From Lancaster,California, USA:
My daughter's blood sugars started spiking all the time, and I feel she isn't in control. She will be fine for a few days, then she will be in the 200-400s mg/dl [11.1-22.2 mmol/L]. She is on a very strict diet, and today did five shots. She is starting into puberty, and I realize this can play a big part.
I have recently met with my daughters' pediatrician, we inquired about the insulin pump, and she said because my daughter isn't in control that she wouldn't even consider her for it. When I requested that she see an endocrinologist, the doctor said we still needed to get her in better control first. Wouldn't the specialist be more up to date and helpful? Wouldn't the insulin pump help maintain better "tighter" control? In our area, there is only two endocrinologists, only one is in my insurance plan, I have to have a referral, and the pediatrician won't give me a referral.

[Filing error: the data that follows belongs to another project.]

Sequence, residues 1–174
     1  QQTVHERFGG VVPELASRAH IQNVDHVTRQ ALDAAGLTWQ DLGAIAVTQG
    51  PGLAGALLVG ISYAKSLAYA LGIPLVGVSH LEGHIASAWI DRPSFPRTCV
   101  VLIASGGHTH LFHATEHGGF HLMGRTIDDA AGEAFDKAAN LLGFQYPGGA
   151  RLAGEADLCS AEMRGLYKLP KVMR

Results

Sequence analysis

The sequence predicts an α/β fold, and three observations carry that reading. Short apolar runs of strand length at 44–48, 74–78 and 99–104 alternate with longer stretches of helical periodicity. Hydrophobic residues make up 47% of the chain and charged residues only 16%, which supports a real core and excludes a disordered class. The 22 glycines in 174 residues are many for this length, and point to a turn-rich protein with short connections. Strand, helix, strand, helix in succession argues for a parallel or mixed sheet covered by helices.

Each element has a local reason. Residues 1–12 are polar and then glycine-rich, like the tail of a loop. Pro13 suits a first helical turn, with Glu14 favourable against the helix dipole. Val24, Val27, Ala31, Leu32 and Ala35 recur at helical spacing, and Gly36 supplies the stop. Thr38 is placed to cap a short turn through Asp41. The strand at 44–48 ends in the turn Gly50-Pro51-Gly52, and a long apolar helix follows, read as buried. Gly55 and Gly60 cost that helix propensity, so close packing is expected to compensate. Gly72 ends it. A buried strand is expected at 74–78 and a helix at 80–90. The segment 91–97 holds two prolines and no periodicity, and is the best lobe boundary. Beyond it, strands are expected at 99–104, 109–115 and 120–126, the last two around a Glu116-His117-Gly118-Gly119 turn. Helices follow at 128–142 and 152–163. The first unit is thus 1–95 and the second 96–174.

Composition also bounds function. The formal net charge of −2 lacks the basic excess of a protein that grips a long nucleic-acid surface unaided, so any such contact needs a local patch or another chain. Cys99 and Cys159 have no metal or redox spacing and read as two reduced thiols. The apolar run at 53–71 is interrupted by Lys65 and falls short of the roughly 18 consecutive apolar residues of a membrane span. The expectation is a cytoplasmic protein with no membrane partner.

It sounds like you should have a consultation with a pediatric diabetologist before doing anything else. Whether or not an insulin pump would be wise is only a decision that can be made working together with an experienced diabetes team and your family. If your pediatrician refuses to authorize a referral to specialist, then change pediatricians.
There are now several research studies documenting that specialty care in diabetes is superior to generalist care. Our own team just wrote a review article about multidisciplinary diabetes care for children and adolescents that reviews these concepts and was published in Journal of Pediatric Endocrinology and Metabolism, October 2002 issue (Brink, Moltz and Miller are the authors). You can use this article and many others like it to justify referrals with your pediatrician and insurance carrier.
Original posting 16 Feb 2003
Posted to Insulin Pumps
Last Updated: Tuesday April 06, 2010 15:09:41
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